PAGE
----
Son Mathew Philip*
?In a thriller scene in "Man Man," a woman is asked by FBI agents investigating a bank robbery to decode an audio clip. After listening to it, she confirms that it is an old speech on the radio by Enver Hoxha, the Albanian dictator. The scene seems to fit the Western stereotype of a small dark town, hidden somewhere in the Balkans, unfairly labeled as a mafia country, writes tribuneindia.com.
These clichés spark my curiosity to travel and shape my thoughts. A nation is a complex entity. Its true identity is defined first by its people and only then, perhaps, by its geography.
We visited Albania from Abu Dhabi in May of this year. The E-Visa portal was easy to navigate. Located in Continental Europe, the country is mountainous, with a long and picturesque coastline on the Adriatic Sea. It can be visited extensively for about a week. Rooms, transport are cheap and Albania has a reputation for offering excellent food and wine.
After the Second World War the country has traced its own course. Social reforms, tribal alignments and redistribution of land have led to the development of a strong agriculture-based economy.
Albania is now a young democracy and is gradually losing its distance, opening its borders to tourists from all over. It has traditionally maintained strong relations with Italy throughout the Adriatic.
The borders are now secure despite a large local Albanian presence in nearby Kosovo, North Macedonia, Montenegro and Serbia.
Albania's infrastructure is more developed in the southern part. There is a greater tourist activity in the cities south of Tirana such as Vlora or Gjirokastra.
Instinctively, I chose to head towards its less developed north. We booked a room in Razem, a small village hidden in the alps.
We landed in Tirana in the afternoon and were at a hotel on the outskirts where the rental agency delivered our car to us. We started early in the morning and took almost the whole day to cover the 100 miles to Razem on the border with Montenegro.
We spent some time in the Rozafa medieval castle, with a full view of the surrounding area. Lake Shkodra and the mountains beyond were visible from the castle. A very swollen Drin River joins the Buna, which flows from Lake Shkodra west to the Adriatic Sea a few kilometers away.
Razma is a small mountain village that used to be a summer holiday for the great leaders of the Hoxha era. Our hotel had seen better days. The bare hills that back to our window still had snow in May.
Staying four or five days in the village, we had a vague plan to explore the high mountains of Theth on foot or by car. Our plans took final shape after meeting Benedict Aaronson, abbreviated Bene, from London, who had made this village his home for the past two years.
A doctor in physics, he was stranded in Razem when the borders were suddenly closed due to Covid-19. He chose to stay, earning a living by doing odd jobs. He now works in a hotel and also provides a safe haven for stray dogs, cats and horses.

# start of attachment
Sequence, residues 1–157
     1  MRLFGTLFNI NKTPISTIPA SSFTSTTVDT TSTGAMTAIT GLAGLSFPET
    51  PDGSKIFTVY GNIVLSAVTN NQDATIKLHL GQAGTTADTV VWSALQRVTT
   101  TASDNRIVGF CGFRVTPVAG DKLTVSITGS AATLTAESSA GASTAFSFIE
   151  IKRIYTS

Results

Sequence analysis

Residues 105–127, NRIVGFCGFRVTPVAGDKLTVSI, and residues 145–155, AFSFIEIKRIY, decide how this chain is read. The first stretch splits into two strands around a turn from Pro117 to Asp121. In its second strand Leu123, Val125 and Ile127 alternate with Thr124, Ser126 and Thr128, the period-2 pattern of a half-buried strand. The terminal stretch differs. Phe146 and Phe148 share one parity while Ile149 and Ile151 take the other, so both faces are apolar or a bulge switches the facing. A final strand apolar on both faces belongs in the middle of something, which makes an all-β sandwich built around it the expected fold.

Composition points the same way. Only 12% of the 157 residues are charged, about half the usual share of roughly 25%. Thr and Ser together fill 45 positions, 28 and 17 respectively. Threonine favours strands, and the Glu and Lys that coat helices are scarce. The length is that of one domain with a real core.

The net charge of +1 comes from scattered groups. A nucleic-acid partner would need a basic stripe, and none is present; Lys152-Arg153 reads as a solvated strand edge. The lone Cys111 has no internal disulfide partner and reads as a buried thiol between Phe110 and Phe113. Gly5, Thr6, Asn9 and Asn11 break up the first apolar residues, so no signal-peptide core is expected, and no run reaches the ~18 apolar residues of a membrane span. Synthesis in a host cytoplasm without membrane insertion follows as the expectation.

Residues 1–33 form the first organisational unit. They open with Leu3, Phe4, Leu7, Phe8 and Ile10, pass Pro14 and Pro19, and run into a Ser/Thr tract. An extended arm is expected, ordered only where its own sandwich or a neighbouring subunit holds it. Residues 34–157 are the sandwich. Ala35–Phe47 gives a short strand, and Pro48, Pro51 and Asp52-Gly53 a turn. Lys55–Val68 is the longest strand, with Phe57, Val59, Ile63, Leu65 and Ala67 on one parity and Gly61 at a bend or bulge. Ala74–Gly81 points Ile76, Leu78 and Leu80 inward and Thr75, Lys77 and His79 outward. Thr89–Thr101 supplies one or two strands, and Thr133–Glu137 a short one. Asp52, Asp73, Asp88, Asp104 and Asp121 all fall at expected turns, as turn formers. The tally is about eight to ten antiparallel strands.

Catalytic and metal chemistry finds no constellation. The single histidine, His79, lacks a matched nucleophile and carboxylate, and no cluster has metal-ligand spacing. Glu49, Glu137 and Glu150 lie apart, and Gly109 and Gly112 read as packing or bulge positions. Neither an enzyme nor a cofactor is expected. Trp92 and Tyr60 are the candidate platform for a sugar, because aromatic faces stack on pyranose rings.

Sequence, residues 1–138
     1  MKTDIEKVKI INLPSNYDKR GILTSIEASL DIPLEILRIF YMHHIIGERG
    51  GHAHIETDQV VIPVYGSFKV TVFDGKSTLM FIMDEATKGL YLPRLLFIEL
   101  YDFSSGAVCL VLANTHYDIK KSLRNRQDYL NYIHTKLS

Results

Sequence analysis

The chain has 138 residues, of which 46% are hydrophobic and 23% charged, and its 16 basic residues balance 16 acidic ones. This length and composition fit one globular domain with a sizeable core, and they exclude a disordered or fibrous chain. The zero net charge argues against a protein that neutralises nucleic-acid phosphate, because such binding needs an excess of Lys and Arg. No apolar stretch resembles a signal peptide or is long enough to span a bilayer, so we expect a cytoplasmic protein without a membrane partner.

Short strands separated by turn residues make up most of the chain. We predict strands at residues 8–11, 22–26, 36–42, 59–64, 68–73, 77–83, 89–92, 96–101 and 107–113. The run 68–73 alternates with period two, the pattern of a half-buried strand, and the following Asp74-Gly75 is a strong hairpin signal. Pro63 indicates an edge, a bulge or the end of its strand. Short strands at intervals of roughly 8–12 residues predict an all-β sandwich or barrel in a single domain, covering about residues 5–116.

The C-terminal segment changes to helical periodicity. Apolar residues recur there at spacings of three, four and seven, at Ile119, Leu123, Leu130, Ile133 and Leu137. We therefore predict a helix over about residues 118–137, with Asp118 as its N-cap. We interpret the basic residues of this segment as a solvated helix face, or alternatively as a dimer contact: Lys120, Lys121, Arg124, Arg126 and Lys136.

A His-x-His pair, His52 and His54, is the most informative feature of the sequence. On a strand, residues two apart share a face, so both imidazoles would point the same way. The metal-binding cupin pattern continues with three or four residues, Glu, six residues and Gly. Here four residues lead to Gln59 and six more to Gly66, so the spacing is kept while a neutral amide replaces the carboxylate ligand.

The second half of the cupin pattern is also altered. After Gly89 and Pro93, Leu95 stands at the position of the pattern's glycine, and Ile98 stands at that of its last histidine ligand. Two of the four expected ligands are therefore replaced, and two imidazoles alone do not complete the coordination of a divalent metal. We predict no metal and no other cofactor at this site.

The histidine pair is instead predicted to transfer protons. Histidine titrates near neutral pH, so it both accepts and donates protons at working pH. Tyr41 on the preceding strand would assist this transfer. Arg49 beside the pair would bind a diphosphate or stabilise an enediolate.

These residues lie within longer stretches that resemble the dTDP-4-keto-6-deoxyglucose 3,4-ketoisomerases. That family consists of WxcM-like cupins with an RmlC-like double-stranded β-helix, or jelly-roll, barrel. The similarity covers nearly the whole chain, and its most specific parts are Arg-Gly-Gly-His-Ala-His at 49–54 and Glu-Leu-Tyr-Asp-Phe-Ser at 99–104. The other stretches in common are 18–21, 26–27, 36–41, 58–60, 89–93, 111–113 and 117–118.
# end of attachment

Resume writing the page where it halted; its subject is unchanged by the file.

Bene volunteered to come with us and over the next three days we explored the mountains on the northern border between Montenegro and Kosovo. We walked and walked and climbed its rugged and rugged hills with forests, hidden crevasses and its brilliant rainbow waterfalls.
The locals, though intrigued by our appearance, were perfectly hospitable. The hillsides had groves of wild fruit trees, including ripe or dried apples and pomegranates.
Albania is one of the largest producers of oregano, sage and rosemary. The valleys were cultivated with cabbage, lettuce, spinach and tomatoes. Sheep and cattle farms and Hoxha's gun bunkers dotted the countryside.
The isolated villages scattered across the northern mountain were connected only by roads in the 21st century. Until then, these braves had their rules steeped in tradition.
The region was best known for the "Blood Feud", a bloody feud that had lasted for generations between rival families. Every now and then we passed a lonely, fortified tower house used by those involved in the feud or a memorial to a local war hero. It reminded us of the not so peaceful past.
Albanian food looked familiar. It was Mediterranean with grilled, baked or boiled meats, locally produced fruits and vegetables, olive oil, different types of cheese, honey, chickpeas, types of corn or wheat bread, berry preserves and jams.
We usually have a light breakfast at the hotel and for lunch a local pie called Pierek, with spinach or meat filling. A three-course dinner at the hotel cost no more than $15.
While a glass of local wine was great to start the meal, I found the brandy, the locally distilled fruit liqueur, a little too harsh for my tastes. The same goes for local beer and we stuck to popular German and Belgian beer.
Coastal Albania, south of Tirana, seemed a world apart from the rural mountainous country of the north. Here the highways were two-lane and there were always cafes and restaurants along them.
Vlora, a medium-sized port city, is reminiscent of Batumi on the Black Sea and had its share of modern beach hotels. A detour revealed the superb uninhabited cliff-top beaches of the Albanian Riviera.
Several islands could be seen from the shore. Further south are the Riveira towns of Saranda, Ksamil and Gjirokastra in the hills. "Mercedes" and "Audi" with Western European license plates were passing us, perhaps towards these cities or beyond Greece.
Source: Tribune India